Today's Fearless Females blogging prompt is about employment:
March 12 — Working girl: Did your mother or grandmother work outside the home? What did she do? Describe her occupation.
Once again today I'm going to talk about my mother - she had many jobs over the years.
Before I talk about the jobs though, let me post a couple of pictures here and you can think about what it is I'm holding. I'll tell you at the end of the blog what it is. It is a bit rough around the edges now - and please forgive my attempt at hand modelling.
Now to the jobs. Most of these jobs are as listed from conversations my sister had with Mum in preparation for completing a family history book that was a gift for Mum and Dad's 30th wedding anniversary.
Her first job was in her grandfather's beer off-licence. I'm not sure which grandfather this was - the Hairdresser or the Plumber. I know one of her great-grandmothers was a publican for a time (though she had passed away before Mum was born), so if it followed in the family, then it would have been the hairdresser who had the off-licence.
This job was followed by a number of others:
Working in a pet shop, a job at Woolworths (UK), working in the Edison and Swan electrical component factory and the last jobs before leaving for Australia as Wards Maid at the Queen Elizabeth Hospital and Usherette at the Regent Theatre.
Her first job in Australia was at Taylor's Box Factory in Glebe. Here is an image of the old factory receiving a new life.
She then joined the Australian Army.
After being discharged she worked for Vincent's APC Company and then at the Helena Rubenstein factory. She then moved on to the Post Master General's office where she worked as a phonogram operator.
The last job before she married was as a telex operator for TAA (Trans Australian Airlines)
Back then it was customary for women to give up work when they married - and it may have even been a company rule to do so. When my Mum got married, she didn't tell anyone at TAA because she didn't want to have to resign. She didn't give up her job until she moved away from Sydney down to the Wollongong area.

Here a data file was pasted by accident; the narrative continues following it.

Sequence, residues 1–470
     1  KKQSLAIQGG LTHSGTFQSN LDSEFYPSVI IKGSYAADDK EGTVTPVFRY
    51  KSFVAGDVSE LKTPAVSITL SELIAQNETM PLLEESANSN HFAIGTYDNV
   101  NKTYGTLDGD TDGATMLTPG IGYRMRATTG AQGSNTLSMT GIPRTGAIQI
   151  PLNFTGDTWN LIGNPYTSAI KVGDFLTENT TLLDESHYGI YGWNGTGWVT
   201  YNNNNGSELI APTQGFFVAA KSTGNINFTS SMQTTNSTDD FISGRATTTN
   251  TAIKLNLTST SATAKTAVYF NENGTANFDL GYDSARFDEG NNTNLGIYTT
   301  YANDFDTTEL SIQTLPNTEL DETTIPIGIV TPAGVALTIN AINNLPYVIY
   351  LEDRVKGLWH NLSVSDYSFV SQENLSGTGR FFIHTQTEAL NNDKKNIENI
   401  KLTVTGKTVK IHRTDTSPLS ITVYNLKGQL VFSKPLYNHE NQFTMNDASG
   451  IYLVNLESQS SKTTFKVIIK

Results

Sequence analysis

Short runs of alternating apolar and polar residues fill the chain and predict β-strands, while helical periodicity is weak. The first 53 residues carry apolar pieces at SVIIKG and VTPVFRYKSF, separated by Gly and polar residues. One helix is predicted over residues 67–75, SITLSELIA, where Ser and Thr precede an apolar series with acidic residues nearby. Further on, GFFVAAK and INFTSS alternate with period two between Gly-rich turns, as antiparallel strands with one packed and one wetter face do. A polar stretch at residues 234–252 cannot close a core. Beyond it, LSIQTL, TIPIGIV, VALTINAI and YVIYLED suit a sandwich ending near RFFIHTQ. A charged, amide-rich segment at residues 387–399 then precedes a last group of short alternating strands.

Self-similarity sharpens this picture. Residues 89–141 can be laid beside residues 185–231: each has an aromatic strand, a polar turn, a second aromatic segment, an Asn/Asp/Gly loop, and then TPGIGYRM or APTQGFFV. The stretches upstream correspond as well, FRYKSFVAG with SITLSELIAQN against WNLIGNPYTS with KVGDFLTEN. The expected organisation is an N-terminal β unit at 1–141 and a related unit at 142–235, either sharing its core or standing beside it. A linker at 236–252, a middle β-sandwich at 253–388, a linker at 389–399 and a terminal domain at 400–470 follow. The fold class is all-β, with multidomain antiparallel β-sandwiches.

When I was in my late teens she started work again first as a receptionist/clerk at Wacker and then at Martin Wells making spectacle frames.
In 1980 she took the "Public Service Exam" - the only way to get a job within the New South Wales public service back then. I took the test with Mum as did hundreds of other hopefuls. (Public servants had the best working conditions and it was known back then as a "job for life").
By taking the test, I got my first full-time job and a bit later Mum got a job with Telecom. Even though we worked for 2 different government entities, for time we worked in the same building just 2 floors apart.
She worked at Telecom for over 10 years in a number of locations and for a number of departments until she was finally offered a redundancy package in 1991.
The Public Service (and former public service entities like Telstra/Telecom) had an exclusion period where someone who had taken a redundancy package could not work in the Public Service for 6 months. Once Mum's 6 months was up, she was offered a new "temporary" role and so worked for the same organisation for a few years more.
So did you guess what the item was in the photos? I'm pretty sure you didn't.
The photo is of an off cut from a spectacle frame - Mum used to work on the machine that cut out the section of frame where the glasses lens goes. It's got a big hole in the middle so I can use it as a key-ring. I have carried it with me since I got my own set of keys to Mum and Dad's car in 1979.